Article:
Airshows are risky – that’s why we like them – but they also have a strong safety record

As seen on 24-hour television news. Daniel Leal-Olivas/PA

Whether aircraft are used for travel or for aerobatic displays, it will never be possible to aviate entirely without risk. Airshows are manifestations of our liking for what Anthony Giddens calls deliberately cultivated risk – this excites and sustains those who participate and those who watch.

Deliberately cultivated risk is an outlet for untapped energies and repressed emotions. That is the upside. The downside is that such activities occasionally lead to death and injury.

This was the case at the Shoreham Air Display where a wayward 50-year-old Hawker Hunter two-seat trainer aeroplane ploughed into a road killing at least 11 motorists. Nevertheless, air displays enjoy a remarkably good safety record: the Shoreham crash was the first major loss of life among spectators or the public at an airshow in the UK since Farnborough, 63 years ago, when a prototype De Havilland 110 fighter aircraft disintegrated, its engines scything through the watching crowds killing 29 and injuring a further 63 spectators.

The Hawker Hunter that crashed at Shoreham. Paul Jarrett/EPA

The media view

This generally excellent safety record has been glossed over in much of the reporting of the tragedy. De-contextualised reporting creates an impression of chronic mishap and horror. Photographs of the moment of impact have been repeatedly used, the same jet-explodes-in-orange-fireball footage endlessly replayed across the voracious 24-hour news channels.

Several times an hour eye-witnesses are wheeled out to give their accounts, regardless of the fact that research frequently reveals eye-witness accounts to be highly inaccurate. And commentators have been breaking the golden rule of air crash investigation by indulging in speculation as to the causes.

Within 48 hours of the crash, headlines included: “I drove through fireball and went to work” (The Sun); “Jet crash fireball forces air show safety rethink” (The Times); “Air shows should be over the sea, it should not have been over that road” (The Daily Telegraph); “Why did they have to die?” (Daily Mirror); “Footie pals killed in jet crash carnage” (Daily Star); “How many more fireball dead?” (Daily Mail).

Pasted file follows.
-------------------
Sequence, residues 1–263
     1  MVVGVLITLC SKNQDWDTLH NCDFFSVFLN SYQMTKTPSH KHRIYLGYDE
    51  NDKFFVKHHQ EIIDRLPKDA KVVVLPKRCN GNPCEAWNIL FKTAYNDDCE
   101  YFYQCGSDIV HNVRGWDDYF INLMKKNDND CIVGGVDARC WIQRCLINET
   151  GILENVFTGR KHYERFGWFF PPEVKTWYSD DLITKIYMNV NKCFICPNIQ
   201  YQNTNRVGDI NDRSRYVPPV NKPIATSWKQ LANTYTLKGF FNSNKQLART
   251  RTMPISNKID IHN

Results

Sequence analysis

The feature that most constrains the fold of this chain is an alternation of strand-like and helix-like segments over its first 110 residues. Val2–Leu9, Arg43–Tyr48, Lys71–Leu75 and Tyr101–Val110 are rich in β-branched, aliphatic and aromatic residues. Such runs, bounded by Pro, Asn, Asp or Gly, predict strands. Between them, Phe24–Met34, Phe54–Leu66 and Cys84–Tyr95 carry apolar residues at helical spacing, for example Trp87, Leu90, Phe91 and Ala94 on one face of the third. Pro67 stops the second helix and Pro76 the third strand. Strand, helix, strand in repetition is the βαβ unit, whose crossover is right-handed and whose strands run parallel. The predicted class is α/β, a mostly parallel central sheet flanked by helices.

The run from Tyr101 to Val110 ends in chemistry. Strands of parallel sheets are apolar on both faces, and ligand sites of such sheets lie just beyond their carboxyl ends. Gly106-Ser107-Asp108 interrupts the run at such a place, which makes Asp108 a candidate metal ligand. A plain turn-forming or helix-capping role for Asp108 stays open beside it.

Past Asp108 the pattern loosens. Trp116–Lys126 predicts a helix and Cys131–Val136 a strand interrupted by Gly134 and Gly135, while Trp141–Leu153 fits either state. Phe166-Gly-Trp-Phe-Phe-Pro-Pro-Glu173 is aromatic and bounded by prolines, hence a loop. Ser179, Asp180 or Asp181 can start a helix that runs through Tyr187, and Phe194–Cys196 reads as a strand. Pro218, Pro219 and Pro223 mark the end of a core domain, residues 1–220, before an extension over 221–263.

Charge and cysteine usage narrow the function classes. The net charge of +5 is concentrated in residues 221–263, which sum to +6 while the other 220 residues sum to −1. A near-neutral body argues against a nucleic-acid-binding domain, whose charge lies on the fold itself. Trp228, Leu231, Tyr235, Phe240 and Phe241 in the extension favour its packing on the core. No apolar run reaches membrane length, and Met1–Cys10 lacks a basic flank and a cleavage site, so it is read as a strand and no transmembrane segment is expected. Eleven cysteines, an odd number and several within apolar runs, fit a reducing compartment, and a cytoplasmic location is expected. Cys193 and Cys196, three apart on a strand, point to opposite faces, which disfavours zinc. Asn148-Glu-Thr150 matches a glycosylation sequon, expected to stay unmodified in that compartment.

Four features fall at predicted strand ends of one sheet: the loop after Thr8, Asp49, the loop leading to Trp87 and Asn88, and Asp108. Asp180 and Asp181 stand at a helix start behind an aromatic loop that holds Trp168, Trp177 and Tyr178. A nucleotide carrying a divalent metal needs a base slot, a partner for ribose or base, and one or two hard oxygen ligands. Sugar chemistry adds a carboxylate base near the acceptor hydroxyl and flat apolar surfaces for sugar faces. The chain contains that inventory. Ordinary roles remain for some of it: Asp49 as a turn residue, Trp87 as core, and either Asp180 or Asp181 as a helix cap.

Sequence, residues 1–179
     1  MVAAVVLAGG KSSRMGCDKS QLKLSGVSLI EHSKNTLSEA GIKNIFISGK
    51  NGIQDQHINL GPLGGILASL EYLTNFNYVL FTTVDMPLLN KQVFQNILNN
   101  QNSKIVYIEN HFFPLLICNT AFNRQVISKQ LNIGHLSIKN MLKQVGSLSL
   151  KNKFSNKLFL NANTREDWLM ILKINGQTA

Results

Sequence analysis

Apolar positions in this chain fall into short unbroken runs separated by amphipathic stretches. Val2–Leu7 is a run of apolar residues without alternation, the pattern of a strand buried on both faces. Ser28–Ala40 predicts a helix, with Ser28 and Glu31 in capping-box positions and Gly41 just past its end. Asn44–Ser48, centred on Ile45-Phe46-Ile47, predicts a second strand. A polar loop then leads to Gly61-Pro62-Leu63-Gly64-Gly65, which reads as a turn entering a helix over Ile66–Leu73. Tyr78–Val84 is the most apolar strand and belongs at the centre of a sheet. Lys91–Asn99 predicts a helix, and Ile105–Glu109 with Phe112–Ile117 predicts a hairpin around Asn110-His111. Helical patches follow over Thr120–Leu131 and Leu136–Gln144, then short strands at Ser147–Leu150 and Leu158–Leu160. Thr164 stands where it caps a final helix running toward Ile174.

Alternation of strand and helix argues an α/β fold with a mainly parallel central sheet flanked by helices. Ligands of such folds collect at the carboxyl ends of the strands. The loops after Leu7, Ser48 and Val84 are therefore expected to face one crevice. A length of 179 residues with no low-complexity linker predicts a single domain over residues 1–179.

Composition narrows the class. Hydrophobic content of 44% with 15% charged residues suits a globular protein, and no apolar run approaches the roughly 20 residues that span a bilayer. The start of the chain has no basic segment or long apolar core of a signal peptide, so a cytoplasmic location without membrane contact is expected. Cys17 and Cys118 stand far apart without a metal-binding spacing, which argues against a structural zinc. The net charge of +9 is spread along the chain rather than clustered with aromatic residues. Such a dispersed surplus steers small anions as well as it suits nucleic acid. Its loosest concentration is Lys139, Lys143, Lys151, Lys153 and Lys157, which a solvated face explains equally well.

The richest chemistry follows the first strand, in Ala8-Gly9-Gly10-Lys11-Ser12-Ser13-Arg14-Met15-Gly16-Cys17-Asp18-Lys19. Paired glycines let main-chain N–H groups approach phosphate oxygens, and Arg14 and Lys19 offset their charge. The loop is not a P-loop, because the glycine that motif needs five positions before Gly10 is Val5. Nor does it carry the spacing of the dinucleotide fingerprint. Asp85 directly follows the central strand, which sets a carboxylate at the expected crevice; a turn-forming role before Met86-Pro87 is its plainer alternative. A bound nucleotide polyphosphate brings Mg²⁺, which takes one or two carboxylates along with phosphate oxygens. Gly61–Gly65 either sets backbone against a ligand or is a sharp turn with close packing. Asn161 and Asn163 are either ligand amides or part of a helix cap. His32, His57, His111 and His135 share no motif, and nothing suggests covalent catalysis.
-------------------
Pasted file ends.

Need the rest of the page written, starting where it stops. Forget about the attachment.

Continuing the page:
I appreciate why the media is so interested in the story, but there comes a point where legitimate curiosity mutates into self-interested voyeurism. Of course it could be argued that the public gets the press it deserves. That is, that the press merely reflects public morality and behaviour. Consider the following item from the the August 24 edition of Metro:

Steve Barry, assistant chief constable of Sussex Police, warned passers-by [on the A27, site of the Shoreham crash] against taking selfies. In a statement, Sussex Police said: ‘It is not our place to dictate what may or may not be published anywhere, but from a personal perspective I would ask people to consider the feelings of those who have lost loved ones in this incident and, indeed, who may still not have heard from them and are seeking information’.

I have no doubt that Barry’s appeal for decency and restraint will be ignored by some.

If we look at aviation through the prism of an expectation of total safety, we are going to be disappointed. As academics such as Charles Perrow remind us, aviation is an inherently risky activity. Aircraft, especially military aircraft, are “dense” – they contain myriad components packed tightly together.

This density makes unanticipated and uncontrollable interactions between components more likely. Add in an element of deliberately cultivated risk, such as flying a single-engined, five-decade old airframe around the sky in proximity to heavily used transport routes, and there is a window for mishap, error, and potential disaster.

So what is to be done? Two things. First, there must be what Professor Brian Toft calls active learning: aviation is comparatively safe precisely because it learns from its mistakes, applying the lessons of incidents, accidents and near-misses. Whatever can be learned from Shoreham must, and will be, acted upon. And second, the industry must engage the public in a conversation about safety. Aviation, in all its forms, can never be 100% safe, and it’s in the interests of the industry and the public to better manage expectations.